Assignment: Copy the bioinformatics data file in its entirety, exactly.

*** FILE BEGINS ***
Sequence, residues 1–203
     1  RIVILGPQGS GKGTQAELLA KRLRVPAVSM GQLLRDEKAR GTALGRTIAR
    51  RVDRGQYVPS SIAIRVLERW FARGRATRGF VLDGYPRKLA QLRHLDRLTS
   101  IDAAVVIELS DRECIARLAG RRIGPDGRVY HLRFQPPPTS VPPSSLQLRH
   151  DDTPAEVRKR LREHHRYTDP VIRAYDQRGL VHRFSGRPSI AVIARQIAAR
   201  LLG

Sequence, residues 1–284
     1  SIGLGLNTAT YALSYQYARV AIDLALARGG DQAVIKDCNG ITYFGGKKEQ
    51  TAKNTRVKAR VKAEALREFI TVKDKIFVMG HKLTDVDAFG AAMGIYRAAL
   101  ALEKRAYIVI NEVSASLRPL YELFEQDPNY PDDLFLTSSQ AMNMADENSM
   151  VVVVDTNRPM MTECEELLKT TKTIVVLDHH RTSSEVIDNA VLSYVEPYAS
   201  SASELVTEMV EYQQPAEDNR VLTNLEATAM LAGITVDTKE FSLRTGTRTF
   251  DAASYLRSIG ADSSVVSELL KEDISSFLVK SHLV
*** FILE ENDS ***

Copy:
Sequence, residues 1–203
     1  RIVILGPQGS GKGTQAELLA KRLRVPAVSM GQLLRDEKAR GTALGRTIAR
    51  RVDRGQYVPS SIAIRVLERW FARGRATRGF VLDGYPRKLA QLRHLDRLTS
   101  IDAAVVIELS DRECIARLAG RRIGPDGRVY HLRFQPPPTS VPPSSLQLRH
   151  DDTPAEVRKR LREHHRYTDP VIRAYDQRGL VHRFSGRPSI AVIARQIAAR
   201  LLG

Sequence, residues 1–284
     1  SIGLGLNTAT YALSYQYARV AIDLALARGG DQAVIKDCNG ITYFGGKKEQ
    51  TAKNTRVKAR VKAEALREFI TVKDKIFVMG HKLTDVDAFG AAMGIYRAAL
   101  ALEKRAYIVI NEVSASLRPL YELFEQDPNY PDDLFLTSSQ AMNMADENSM
   151  VVVVDTNRPM MTECEELLKT TKTIVVLDHH RTSSEVIDNA VLSYVEPYAS
   201  SASELVTEMV EYQQPAEDNR VLTNLEATAM LAGITVDTKE FSLRTGTRTF
   251  DAASYLRSIG ADSSVVSELL KEDISSFLVK SHLV